Joseph Haydn • Sieben letzte Worte unseres Erlösers
JOSEPH HAYDN • Die sieben letzten Worte unseres Erlösers
am Kreuze, Hob XX/1:B
End of concert approx. 4:30 p.m.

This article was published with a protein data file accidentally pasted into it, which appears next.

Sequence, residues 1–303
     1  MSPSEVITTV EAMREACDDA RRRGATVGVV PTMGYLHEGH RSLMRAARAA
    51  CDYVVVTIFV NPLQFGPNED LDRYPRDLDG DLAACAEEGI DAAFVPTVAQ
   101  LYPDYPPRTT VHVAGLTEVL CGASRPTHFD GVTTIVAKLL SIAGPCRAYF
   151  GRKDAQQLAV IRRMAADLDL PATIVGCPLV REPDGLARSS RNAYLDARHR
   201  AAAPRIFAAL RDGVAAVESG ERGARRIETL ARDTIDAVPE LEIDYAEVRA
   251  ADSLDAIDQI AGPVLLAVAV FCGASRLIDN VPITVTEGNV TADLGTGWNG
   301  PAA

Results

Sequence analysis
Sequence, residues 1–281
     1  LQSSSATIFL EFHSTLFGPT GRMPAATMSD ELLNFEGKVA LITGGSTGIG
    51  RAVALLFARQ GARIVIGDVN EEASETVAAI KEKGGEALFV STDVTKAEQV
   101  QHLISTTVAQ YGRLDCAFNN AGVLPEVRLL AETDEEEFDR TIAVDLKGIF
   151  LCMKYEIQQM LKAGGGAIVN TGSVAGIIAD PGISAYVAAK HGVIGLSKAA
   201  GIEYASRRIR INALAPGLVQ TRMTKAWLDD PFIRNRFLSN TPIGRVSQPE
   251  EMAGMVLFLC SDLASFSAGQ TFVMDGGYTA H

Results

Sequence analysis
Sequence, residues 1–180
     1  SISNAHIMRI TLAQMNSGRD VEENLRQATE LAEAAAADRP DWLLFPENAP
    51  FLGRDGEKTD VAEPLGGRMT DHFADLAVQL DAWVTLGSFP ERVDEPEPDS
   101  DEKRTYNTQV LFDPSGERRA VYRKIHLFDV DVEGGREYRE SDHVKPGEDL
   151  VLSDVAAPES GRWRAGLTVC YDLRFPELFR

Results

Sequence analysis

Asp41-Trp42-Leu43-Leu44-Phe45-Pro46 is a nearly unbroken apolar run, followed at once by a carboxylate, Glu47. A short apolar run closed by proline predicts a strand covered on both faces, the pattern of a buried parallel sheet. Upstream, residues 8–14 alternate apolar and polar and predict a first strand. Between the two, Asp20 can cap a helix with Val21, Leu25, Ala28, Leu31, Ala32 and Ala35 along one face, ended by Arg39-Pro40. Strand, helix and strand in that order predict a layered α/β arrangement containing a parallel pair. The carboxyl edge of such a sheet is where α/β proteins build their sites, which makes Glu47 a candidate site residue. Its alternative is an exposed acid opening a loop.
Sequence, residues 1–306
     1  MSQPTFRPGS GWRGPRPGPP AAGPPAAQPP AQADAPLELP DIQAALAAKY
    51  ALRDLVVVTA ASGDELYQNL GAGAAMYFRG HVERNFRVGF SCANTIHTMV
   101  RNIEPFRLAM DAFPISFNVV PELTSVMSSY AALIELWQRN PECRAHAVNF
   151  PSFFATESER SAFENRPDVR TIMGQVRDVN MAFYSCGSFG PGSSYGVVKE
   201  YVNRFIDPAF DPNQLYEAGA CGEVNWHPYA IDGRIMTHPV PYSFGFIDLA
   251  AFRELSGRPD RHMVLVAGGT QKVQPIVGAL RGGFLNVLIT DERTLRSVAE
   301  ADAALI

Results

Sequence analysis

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Around 1785, Joseph Haydn was commissioned by one of the canons in Cádiz in Spain to write music for the Good Friday service, in order to intensify the contemplation of the “seven last words of our Redeemer on the cross” through music, allowing them to linger on in the listener. The bishop was to mount to the pulpit, read one of the phrases, interpret it and then kneel before the altar in prayer, while a meditative piece of music was to be performed. “It was certainly one of the hardest tasks” – Haydn reported – “to have seven adagios follow one another without an underlying text, growing from free imagination alone, without tiring the listener, but instead evoking all the feelings in him which were aligned with the meaning of each of the utterances of the dying Saviour.” Starting with a melody appropriate to the phrase in question, in each of the meditations Haydn explores all aspects the term “sacrifice” or “victim” implies from the mild “Father, forgive them” to the desperate “My God, why hast thou forsaken me” to the trusting “Father, into thy hands I command my spirit”, the suffering of Christ on the cross becomes distressingly comprehensible – or, in Haydn’s words, “expressed in such a manner that even the most inexperienced will be left with the deepest impression upon his soul”.